Tea Talks Change Fartun’s Life, Inspiring Her to Help Others

By Abdihakin Abdulahi, GBV Senior Community Mobilizer, Dollo Ado

June 14, 2013 – Fartun is a 23-year-old Somali refugee residing in Melkadida camp in the Dollo Ado refugee complex in Ethiopia. As a child, Fartun lost her father and lived with her single mother and two brothers in Somalia. After her father's death, she stopped going to school because she had to help her mother make traditional baskets and clothes in order to survive.

At the age of 16, Fartun was forced to marry a man 24 years her senior. Two years later, she was a mother of two. In 2010, Fartun lost her mother and older brother to conflict. As fighting intensified in Somalia, she left her husband and fled to Ethiopia with her family of five.

Two months after arriving in Melkadida, Fartun heard about International Medical Corps' weekly awareness sessions on gender-based violence (GBV). One day, she decided to attend a tea-talk ceremony that featured a discussion about forced marriage. Touched by the topic, Fartun shared her own story of forced marriage. She then expressed a willingness to join her colleagues in improving awareness of GBV. Fartun could not read the GBV flip chart messages used by her colleagues, but she nonetheless became very active in tea-talk sessions and started memorizing picture stories by heart.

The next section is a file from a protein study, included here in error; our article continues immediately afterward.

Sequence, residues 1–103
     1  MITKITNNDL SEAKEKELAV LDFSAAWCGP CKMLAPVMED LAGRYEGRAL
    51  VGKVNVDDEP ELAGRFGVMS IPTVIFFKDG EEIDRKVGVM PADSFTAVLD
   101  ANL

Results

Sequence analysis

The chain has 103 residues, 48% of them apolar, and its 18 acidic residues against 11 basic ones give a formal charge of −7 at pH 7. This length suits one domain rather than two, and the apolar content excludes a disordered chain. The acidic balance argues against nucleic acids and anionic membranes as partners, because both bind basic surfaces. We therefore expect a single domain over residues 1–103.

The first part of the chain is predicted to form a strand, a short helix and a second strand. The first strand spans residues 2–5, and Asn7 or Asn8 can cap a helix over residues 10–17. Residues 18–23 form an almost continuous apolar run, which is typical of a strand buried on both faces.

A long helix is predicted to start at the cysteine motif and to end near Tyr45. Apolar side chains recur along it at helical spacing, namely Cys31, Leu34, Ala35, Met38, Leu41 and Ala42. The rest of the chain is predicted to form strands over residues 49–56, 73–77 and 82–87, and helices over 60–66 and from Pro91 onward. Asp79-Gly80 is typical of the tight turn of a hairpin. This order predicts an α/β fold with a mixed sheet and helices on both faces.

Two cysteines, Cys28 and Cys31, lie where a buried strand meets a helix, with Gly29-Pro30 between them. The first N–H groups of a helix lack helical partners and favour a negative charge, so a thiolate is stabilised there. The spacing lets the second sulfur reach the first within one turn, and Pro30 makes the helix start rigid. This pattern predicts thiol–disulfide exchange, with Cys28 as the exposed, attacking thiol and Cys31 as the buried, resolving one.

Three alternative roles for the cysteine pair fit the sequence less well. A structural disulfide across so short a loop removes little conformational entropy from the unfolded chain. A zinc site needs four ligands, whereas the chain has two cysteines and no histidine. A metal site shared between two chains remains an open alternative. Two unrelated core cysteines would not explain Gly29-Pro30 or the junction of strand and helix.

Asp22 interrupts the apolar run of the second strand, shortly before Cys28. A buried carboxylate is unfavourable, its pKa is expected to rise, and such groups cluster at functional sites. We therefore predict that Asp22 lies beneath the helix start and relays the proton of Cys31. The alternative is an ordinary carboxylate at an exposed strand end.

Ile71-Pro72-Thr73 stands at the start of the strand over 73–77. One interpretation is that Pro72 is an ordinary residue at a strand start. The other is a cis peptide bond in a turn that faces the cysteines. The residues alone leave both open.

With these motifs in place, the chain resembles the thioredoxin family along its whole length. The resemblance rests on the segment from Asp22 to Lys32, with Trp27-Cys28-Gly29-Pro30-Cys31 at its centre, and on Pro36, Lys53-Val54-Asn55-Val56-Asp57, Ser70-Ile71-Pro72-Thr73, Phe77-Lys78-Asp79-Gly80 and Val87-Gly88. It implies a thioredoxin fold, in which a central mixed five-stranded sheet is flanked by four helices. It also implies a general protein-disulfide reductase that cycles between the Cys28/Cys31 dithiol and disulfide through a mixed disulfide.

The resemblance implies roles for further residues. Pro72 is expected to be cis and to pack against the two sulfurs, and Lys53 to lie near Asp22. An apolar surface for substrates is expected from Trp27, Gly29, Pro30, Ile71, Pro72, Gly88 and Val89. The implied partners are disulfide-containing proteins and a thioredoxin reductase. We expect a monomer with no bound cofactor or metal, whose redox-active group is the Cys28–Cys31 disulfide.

After completing a series of awareness sessions on GBV, Fartun decided to learn how to read and write. A few months later, she was literate in Somali. In November 2012, after successfully passing all her written and oral exams, Fartun applied to International Medical Corps as a community mobilizer in Melkadida camp. Today, Fartun works as an International Medical Corps refugee social worker in Melkadida, using her arts and crafts skills to teach at the women’s center.

She says “I would like to tell every Somali refugee woman that International Medical Corps can help bring change in your life because International Medical Corps did it in my life. Today, I am able to take care of myself and my family.”

International Medical Corps reaches tens of thousands of affected people in the Dollo Ado area, home to over 190,000 refugees. In Melkadida and Kobe camps, International Medical Corps provides children and pregnant and breastfeeding women with nutrition services and health education. In addition, we are running GBV prevention campaigns in the camps while providing case management and support for existing cases.

FROM RELIEF TO SELF-RELIANCE

For 30 years, International Medical Corps has worked to relieve the suffering of those impacted by war, natural disaster and disease by delivering vital health care services that focus on training, helping devastated populations return to self-reliance.

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